I don't know how Jeff does it, but he's been in training so he will do fine. At Christmas he weighed a slim 180, but bulked up on purpose knowing he'll lose a lot of weight on the hike.  A week's worth of his food fits in a shoebox.  I'm curious to see if it's enough.  It wouldn't be for me, that's for sure, either in diversity or quantity.  But I've heard AT hikers are a different breed and Jeff has been in that club ever since his teens.  I'm an advocate for the development of the individual to the very core of their existence and the extreme fringes of their capabilities and Jeff is one of those people who comes by such a lifestyle naturally.  Or at least he makes it appear that way.
Zach Davis' Inspiration and my personal confession time - So now I must admit, I've been frantic since Jeff left although I was only excited before he left.  So to stay sane I read lots of blogs and found one, which while not altogether soothing, is funny, irreverent, honest and psychological.  The Good Badger's Appalachian Blog is what inspired me to start my own blog - as both my personal therapy and a catalog Jeff's experience since he may not get to blog or You Tube.  Zach Davis, author of  Appalachian Trials,  has a unique psychological approach which got me and I can't wait to receive his book from Amazon.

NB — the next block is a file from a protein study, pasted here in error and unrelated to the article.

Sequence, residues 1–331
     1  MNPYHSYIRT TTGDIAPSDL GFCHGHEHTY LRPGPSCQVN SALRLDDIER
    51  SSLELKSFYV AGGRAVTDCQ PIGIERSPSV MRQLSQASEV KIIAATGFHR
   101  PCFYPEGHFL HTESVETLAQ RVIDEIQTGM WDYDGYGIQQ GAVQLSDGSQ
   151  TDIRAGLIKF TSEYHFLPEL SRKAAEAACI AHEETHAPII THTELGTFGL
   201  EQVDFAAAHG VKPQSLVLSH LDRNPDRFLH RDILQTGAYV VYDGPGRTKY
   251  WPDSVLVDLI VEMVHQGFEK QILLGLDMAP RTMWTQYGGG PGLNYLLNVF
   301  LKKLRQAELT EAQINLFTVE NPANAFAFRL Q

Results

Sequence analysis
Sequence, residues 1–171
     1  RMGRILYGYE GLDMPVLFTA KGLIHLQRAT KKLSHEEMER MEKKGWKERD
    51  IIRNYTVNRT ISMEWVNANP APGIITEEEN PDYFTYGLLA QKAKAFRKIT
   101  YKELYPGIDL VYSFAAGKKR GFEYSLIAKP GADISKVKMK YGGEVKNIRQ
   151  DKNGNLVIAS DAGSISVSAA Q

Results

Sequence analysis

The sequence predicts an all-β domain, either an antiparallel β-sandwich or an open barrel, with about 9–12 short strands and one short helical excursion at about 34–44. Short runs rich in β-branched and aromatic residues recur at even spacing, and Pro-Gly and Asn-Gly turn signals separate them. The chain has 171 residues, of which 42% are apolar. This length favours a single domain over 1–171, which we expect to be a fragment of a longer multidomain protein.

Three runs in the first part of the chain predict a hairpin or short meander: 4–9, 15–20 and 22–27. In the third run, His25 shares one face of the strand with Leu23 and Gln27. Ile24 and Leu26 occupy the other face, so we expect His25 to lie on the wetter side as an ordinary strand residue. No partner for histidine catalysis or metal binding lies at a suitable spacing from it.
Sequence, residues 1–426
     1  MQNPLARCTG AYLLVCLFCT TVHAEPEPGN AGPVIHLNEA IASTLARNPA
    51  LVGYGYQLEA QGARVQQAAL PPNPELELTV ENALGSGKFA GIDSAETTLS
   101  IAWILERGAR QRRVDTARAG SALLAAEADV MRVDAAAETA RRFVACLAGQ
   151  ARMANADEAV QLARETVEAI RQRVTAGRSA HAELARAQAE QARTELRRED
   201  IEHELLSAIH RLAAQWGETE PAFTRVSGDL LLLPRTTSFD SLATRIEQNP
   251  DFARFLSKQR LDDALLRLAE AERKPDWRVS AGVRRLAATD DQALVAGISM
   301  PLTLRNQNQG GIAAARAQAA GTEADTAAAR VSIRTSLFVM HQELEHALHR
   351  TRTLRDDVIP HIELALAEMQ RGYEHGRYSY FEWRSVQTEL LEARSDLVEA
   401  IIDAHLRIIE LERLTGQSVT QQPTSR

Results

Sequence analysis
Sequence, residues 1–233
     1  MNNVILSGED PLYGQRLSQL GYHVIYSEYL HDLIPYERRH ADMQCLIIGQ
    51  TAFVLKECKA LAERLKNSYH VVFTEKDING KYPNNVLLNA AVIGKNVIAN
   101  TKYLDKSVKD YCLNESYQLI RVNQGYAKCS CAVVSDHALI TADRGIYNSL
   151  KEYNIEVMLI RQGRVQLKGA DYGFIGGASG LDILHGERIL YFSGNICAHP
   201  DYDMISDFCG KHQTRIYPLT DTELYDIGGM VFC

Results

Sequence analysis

1 comment:

  1. I'm looking forward to following this blog! I've always wanted to walk the AT, but never did.